|Ski camping in the Cairngorms|
Although winter is regarded as the season for skiing spring is usually better as it's less stormy and there's more daylight. The best time for ski touring in Scotland is just beginning and I'm hoping for some two or three day trips with overnight camps. With that in mind here's a piece I wrote for TGO a few years ago:
Deep snow looks lovely, bringing a sense of freshness and rebirth to the land. Try walking in it and the beauty soon loses its lustre however. Once snow is more than ankle deep walking becomes hard work. Once it approaches knee deep progress slows to a crawl and every step is an effort. Walking a mile becomes an exhausting marathon. In the USA such ‘walking’ has the graphic and appropriate name of post-holing. I love snow. I hate post-holing. The answer of course is to stay on the surface or at least close to it, which means using snowshoes or skis. Suddenly moving becomes much easier and the snow can be enjoyed again.
|Camp in the High Sierra on the Pacific Crest Trail - my snowshoes in the foreground|
I first encountered snow like this many, many years ago in the Lake District on an astonishingly arduous ascent of Great End. At times we were wading through seemingly bottomless thigh-deep snow. Continuing on to Scafell Pike was out of the question and it was with relief that we plunged back down our track, still stumbling and falling in the soft snow. Soon afterwards on a December trip to the Highlands I turned back on an ascent of Stob Coire Easain above Loch Treig due to snow that was thigh-deep in places. These were day walks. If I’d been backpacking I’d probably have never got far uphill at all. This was brought home to me a few years later on the Pacific Crest Trail, that great trail running from Mexico to Canada. There had been heavy snow that winter and spring and the mountain ranges the trail crosses in Southern California were all deep in snow. Struggling along their crests with a heavy pack was slow and tiring. However each range could be crossed in a day or so and the lower slopes were snow free so I was never ploughing through snow for long enough for it to be too gruelling. Up ahead though was the High Sierra, 500 miles of snowbound mountains, much of it above 10,000 feet. Post-holing that distance was unthinkable, and probably impossible. A hiker I met was using snowshoes and staying on top of snow that came up to my knees. Impressed I took a day off from the trail to buy a pair. Two other walkers joined up with us for the High Sierra section. They were using Nordic skis. Watching them glide across meadows and swoop down steep slopes while I plodded along behind them on my functional but slow snowshoes I suddenly understood that real skiing wasn’t being hauled up a slope by a metal contraption in order to slide back down but was a superb way to travel over snow-covered wild country. I vowed to learn how to ski and the very next winter I did so, courtesy of Cameron McNeish who was then working as a Nordic ski instructor.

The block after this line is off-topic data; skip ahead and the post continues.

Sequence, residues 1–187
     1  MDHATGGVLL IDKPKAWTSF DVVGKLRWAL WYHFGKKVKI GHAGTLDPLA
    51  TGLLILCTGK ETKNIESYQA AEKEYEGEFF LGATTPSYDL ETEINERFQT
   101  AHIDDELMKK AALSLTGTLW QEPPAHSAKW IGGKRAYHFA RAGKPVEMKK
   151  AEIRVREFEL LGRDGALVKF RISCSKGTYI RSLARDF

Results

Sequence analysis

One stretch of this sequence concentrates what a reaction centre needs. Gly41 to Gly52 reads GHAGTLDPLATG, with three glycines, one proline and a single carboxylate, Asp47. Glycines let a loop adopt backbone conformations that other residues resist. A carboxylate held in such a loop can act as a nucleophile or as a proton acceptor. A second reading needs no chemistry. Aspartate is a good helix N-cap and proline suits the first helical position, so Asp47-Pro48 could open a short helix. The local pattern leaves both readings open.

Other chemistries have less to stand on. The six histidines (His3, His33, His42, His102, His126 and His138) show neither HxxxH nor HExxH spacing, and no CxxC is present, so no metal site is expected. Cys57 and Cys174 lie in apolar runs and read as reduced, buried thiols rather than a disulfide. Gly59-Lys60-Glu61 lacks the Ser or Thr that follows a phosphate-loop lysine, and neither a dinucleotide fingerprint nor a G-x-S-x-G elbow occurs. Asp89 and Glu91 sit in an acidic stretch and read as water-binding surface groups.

Once I could ski the freedom of snow-covered forests and hills opened up. Instead of fearing deep snow and hating the restriction it placed on my outdoor activities I relished it and looked forward to seeing the dark clouds piling in and the first thick white flakes falling on the brown land. Now it was a lack of snow that I disliked. My ideal conditions became ones where the snow is deep enough that I can ski from my front door. One of my favourite ski backpacking trips of recent years is when I did just that, skiing from home to the top of a nearby hill where I camped overnight.
|Ski touring in Norway|
Since learning to ski I have done many ski backpacking trips from such overnights to two and three week long expeditions. For a decade I led such trips, taking groups on wilderness skiing and snow camping trips in remote places like Svalbard, Greenland and the Yukon Territory. Many of these trips, whether as group leader, with friends or solo, are amongst the most memorable I have ever undertaken. The landscape changes dramatically under deep snow. Wild places become wilder. Tamed and half-tamed places shake off some of the controls and start to revert to wildness. Everywhere becomes vaster and more magnificent. Being able to travel easily through a snow-covered land means it can be appreciated fully. It’s hard to delight in beauty when you’re soaked in sweat, your legs are throbbing with pain and you’re plunging in knee deep with every step. Gliding over the snow on skis is a totally different experience that feels natural and in tune with the white wilderness.
The ultimate way to enjoy the snow is to stay out night after night, either in a tent or a snow shelter. Skiing with a big pack may seem challenging but with a stable load (skiing is a good way to find out just how secure a pack is) it’s not as difficult as it might seem. However snow provides an option unavailable for much of the year and that is to pull the load on a sled. On reasonably gentle terrain this is much easier than carrying it on your back. Skiing steep slopes with sleds does require some practice. Downhill isn’t too difficult as long as the slope is wide as the sled actually helps with balance – though in trees life can be exciting if the sled decides to wrap itself round one. Steep ascents are the real difficulty as sleds tug you backwards or slip sideways on rising traverses. It’s still easier than post-holing with a big pack though. Much more can be comfortably hauled than carried too. Two weeks food is a burden in a pack but no problem with a sled.
|"Igloo" Ed Huesers sled hauling in Yellowstone National Park|
The thought of the snow swishing under my skis and the mountains sparkling, fresh and newly clad in white brightness fills me with excitement and delight. This is the time of year for ski backpacking.